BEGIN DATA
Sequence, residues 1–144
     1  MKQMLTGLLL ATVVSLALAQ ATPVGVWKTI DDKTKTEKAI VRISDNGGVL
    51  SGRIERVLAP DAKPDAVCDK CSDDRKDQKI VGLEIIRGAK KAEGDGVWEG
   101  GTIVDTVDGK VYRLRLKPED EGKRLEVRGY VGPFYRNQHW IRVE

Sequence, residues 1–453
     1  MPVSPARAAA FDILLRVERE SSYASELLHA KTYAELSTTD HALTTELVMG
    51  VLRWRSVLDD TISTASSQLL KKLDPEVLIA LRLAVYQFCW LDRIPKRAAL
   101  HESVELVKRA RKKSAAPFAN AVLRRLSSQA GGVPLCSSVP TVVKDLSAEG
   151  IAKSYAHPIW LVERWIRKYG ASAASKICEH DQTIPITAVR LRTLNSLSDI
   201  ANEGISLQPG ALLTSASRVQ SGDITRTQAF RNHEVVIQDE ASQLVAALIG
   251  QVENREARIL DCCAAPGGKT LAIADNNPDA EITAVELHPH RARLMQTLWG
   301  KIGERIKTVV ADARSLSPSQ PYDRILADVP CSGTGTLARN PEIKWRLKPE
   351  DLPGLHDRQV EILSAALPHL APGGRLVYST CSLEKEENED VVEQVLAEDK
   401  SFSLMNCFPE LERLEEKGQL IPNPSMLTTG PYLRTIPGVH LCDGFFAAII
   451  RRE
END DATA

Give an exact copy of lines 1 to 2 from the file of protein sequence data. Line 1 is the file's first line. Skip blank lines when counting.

Sequence, residues 1–144
     1  MKQMLTGLLL ATVVSLALAQ ATPVGVWKTI DDKTKTEKAI VRISDNGGVL